A foreign manager needs to understand “face”. While his/her Chinese counterpart needs to understand how important it is in a Western context, to speak your mind, to raise your opinion even if it is in contradiction to that of their boss . Other examples are running a meeting; the importance of protocol in seating at a banquet
Is surviving in China as an expat more difficult than in other countries?
Yes and No. China is actually rated as one of the more difficult countries for expats to live and work in - The Global Relocation management company, Brookfield’s 2013 Global Relocation Trends Survey, has listed China, Brazil and India, in that order, as the countries with the most Asia Pacific Accesschallenges for international assignees.
For China and India, cultural and family adaptation and quality of life issues were predominant. I can very readily see those difficulties, but a personal and professional relocation and cultural training program can alleviate those problems. And there really are a lot of positives which too often aren’t recognized about China: Chinese people are very open and welcoming. They are not closed to contact with foreigners i – this opens great and rewarding opportunities for foreigners willing to reach out. And at the same time, China has such a rich and varied history and culture - there is so much to explore and understand. If I was to compare China with my country, Australia for example: Australia is a wonderful country with warm and friendly people, but they are actually not as friendly or as hospitable as the Chinese. And while we have wonderful scenery and a relaxed way of life in Australia, there is a limit to the cultural and historical activities you can explore. I know where I would rather be J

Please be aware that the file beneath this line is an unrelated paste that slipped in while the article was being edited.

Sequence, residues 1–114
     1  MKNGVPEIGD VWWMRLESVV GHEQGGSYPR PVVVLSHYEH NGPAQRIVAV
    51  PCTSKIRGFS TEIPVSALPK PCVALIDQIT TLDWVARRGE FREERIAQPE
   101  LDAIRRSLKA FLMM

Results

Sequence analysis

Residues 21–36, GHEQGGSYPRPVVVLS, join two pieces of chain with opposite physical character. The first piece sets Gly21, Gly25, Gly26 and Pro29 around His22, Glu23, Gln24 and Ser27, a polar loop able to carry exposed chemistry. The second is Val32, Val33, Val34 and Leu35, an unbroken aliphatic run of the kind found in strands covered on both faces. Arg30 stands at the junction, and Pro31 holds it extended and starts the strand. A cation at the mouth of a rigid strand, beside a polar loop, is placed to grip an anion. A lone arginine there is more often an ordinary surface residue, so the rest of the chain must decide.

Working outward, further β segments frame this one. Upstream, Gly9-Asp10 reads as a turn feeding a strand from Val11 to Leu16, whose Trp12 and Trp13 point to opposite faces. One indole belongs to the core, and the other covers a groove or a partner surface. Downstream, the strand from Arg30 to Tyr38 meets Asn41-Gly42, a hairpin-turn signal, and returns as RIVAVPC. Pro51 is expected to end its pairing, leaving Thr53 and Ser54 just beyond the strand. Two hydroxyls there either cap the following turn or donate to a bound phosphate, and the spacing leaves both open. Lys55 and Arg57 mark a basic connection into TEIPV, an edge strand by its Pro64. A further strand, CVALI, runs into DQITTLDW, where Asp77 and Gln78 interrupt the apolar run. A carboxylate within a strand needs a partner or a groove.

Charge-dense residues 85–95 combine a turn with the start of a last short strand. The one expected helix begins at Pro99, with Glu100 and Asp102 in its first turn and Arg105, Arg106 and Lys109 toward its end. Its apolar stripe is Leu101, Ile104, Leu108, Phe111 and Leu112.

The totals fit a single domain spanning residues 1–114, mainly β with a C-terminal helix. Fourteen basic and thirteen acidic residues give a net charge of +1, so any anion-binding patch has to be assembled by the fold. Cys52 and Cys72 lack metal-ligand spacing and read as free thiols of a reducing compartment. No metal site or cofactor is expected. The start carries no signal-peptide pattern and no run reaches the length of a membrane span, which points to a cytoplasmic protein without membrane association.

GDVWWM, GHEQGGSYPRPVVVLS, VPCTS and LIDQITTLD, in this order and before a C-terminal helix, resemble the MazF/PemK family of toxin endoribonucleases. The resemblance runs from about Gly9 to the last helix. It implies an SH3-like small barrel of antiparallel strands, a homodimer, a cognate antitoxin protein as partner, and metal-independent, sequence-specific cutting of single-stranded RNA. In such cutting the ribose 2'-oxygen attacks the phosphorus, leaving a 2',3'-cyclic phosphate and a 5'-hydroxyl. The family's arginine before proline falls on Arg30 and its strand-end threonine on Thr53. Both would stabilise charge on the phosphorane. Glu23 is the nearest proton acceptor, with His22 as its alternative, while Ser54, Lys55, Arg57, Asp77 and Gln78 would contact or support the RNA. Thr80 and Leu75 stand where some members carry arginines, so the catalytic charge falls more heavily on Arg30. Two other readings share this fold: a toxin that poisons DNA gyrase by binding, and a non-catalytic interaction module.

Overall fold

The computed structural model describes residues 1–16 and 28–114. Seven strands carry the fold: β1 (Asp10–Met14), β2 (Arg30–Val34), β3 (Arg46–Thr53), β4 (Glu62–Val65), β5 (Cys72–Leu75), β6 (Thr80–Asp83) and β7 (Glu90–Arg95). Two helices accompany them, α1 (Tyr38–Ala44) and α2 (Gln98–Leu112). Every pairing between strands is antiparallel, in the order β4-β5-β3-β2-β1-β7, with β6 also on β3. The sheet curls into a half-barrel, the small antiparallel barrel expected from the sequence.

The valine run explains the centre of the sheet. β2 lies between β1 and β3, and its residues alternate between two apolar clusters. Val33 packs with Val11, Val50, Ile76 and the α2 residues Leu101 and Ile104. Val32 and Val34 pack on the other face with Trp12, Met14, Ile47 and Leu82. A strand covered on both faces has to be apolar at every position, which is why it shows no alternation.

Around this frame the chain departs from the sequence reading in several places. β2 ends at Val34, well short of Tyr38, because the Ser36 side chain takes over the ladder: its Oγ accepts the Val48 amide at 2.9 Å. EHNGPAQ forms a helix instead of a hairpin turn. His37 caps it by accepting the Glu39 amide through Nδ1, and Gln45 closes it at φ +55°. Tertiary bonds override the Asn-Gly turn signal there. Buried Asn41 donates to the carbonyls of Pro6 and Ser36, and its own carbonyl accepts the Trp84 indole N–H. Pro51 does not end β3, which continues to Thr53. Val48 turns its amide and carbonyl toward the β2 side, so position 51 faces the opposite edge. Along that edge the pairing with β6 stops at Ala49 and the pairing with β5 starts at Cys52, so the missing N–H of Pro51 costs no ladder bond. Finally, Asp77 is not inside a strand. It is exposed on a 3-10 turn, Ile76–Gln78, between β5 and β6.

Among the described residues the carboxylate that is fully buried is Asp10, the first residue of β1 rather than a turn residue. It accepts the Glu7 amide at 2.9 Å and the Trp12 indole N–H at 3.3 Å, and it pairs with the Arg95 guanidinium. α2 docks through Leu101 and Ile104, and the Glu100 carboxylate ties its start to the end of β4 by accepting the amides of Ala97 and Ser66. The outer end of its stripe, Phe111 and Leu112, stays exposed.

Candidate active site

Is settling happily into Chongqing as an expat more difficult than in other Chinese cities such as Beijing and Shanghai?
At least two categories of expats are likely to find settling into Chongqing as easy as settling into Beijing or Shanghai. One category is the expat that has worked previously in China or elsewhere in those Asian countries whose national cultures have not been heavily influenced by the cultures of European colonial powers that administered them for many centuries. The other category is the younger or middle aged expat whose academic training included a lot of focus on China and especially if it included learning Chinese. These, however, are a minority of the expats and their accompanying family members whom TNCs and TNIs assign to Chongqing.
The majority of expats coming on resident visas or even on business visitor visas to Chongqing will not find their living adjustment as easy as settling into Beijing or Shanghai. That is true, but, these days, Chongqing is really a far more interesting city than either Beijing or Shanghai. Beijing and Shanghai are almost too comfortable. You can just about live in those cities as you would in most other modern Western cities. But then why come to China if you’re not going to have new and different and challenging experiences? You can settle happily into Chongqing but you do need to have an adventurous spirit in Chongqing if you are going to really enjoy it.. Surviving in Chongqing shouldn't be a problem – there is good housing; an excellent international school; a good range of shopping, an active expatriate association, Chongqing International Women’s Group, but what we hope to see is expatriates thriving in Chongqing. Really enjoying it
Please talk about
do you think of this city? Chongqing